Tyler Bruinsma '17


Tyler Bruinsma worked as an undergraduate research assistant during the summer of 2016 at the Mayo Clinic in Rochester, Minnesota. He worked specifically in the Department of Radiology: Division of Nuclear Medicine.

What were the responsibilities of your internship? What did it entail?Tyler Bruinsma

The lab I was working in focuses on nuclear medicine research. Nuclear medicine is a branch of diagnostic radiology that focuses on using radioactive tracers to image different diseases. I worked on three major projects during the summer. First, I performed autoradiography on slices of brain tissue to evaluate different tracers designed to bind pathologies related to Alzheimer's disease. Second, I prepared a literature review about Fluorodopa imaging of brain tumors that my principal investigator, Dr. Lowe, used to write a book chapter. Finally, I authored a paper regarding the off-target uptake of an Alzheimer's tracer in meningiomas, a type of brain tumor. I hope to have this manuscript published in the Journal of Nuclear Medicine in the coming months.  

How did CSB/SJU prepare you for the internship?

My courses in nutrition and exercise science in particular introduced me to the process of doing research. I gained a vast amount of experience reading literature and performing literature searches with the guidance of my professors. I also learned how to be an effective technical writer with constructive criticism from my advisors. The broad background I received from my liberal arts and integrated science curriculum in particular allowed me to approach many complicated topics from multiple perspectives. This was essential when I ran into roadblocks in my research.

What were some challenges/experiences that you faced? How did you overcome those challenges?

Throughout the summer I read more than 100 research articles. Retaining all of that information and staying engaged after long days of reading articles was extremely challenging. I tried my best to take short breaks between articles and work on multiple projects at once to keep me engaged. I also reflected on the importance of my work for patients even though I often felt disconnected from the clinical world. In general I gained a new appreciation for the importance of research and want to make it an important aspect of my medical career.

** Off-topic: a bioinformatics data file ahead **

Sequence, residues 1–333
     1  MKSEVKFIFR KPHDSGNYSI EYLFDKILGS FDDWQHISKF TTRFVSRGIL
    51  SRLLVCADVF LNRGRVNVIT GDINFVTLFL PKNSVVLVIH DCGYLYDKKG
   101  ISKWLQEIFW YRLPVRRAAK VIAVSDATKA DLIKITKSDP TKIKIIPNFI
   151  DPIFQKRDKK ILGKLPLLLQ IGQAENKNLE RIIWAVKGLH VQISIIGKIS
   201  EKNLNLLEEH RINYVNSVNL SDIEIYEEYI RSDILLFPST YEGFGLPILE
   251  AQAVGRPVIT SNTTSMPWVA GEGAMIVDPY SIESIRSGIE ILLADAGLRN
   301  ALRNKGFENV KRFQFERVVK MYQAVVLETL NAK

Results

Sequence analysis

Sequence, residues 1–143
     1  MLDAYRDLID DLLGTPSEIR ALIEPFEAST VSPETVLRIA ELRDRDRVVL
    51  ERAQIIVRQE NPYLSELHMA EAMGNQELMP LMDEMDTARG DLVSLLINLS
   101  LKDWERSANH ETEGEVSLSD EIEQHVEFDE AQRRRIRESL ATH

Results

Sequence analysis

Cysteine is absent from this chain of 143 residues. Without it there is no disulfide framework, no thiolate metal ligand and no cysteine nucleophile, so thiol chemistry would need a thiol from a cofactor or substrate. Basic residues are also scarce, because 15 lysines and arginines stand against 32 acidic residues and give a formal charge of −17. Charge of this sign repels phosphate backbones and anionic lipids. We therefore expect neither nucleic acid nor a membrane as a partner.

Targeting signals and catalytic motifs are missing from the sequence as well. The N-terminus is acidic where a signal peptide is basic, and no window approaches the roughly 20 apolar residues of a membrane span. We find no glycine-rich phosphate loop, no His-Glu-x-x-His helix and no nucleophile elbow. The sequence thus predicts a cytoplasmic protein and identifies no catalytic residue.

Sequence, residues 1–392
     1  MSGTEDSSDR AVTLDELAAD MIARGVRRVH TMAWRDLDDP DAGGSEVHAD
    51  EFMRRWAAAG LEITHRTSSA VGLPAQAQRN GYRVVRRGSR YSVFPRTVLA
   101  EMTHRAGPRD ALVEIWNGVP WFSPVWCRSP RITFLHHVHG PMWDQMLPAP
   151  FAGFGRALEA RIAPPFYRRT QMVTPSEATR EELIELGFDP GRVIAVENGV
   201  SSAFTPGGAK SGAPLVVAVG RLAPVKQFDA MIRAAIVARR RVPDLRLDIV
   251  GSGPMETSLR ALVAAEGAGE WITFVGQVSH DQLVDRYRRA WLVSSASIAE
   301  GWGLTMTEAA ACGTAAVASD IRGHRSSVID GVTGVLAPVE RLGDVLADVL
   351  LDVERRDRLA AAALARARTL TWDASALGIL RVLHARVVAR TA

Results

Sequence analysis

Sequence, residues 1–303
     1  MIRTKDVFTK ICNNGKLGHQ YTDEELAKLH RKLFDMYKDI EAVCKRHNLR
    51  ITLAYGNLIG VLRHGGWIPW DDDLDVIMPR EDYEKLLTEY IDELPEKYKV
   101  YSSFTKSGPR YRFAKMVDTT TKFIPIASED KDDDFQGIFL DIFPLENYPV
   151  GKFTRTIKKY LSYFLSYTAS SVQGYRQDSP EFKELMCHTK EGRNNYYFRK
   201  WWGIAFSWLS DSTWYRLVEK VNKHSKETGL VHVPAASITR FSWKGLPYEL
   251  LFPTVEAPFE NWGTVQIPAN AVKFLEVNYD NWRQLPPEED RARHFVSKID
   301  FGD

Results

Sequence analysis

What was your favorite memory?

I really enjoyed being an important part of the research team. I felt that my work really contributed to advancements in patient care and that was extremely rewarding. The core mission of the Mayo Clinic is that "the needs of the patient come first." I really felt the gravity of that mission throughout my internship and it continually inspired me to work hard every day.

Advice for students interested in applying for an internship?

Do something you are interested in. I know a lot of pre-med students who try to do research just for the sake of getting into medical school. Research is fun, but it isn't worth it unless you are passionate about it. Though you can't be picky, apply to programs that interest you and don't just apply for internships because you think you should in order to get into medical school.

What are your plans after graduation?

I will be taking a gap year while applying for medical school. I was offered a full-time job with the lab that I interned with and plan to accept the offer.

Anything else you would like to add?

Being an integrated health science major was the best choice I made at CSB/SJU. I highly recommend the curriculum for anyone interested in a future in health care. I felt extremely prepared for my internship and equally well prepared for medical school.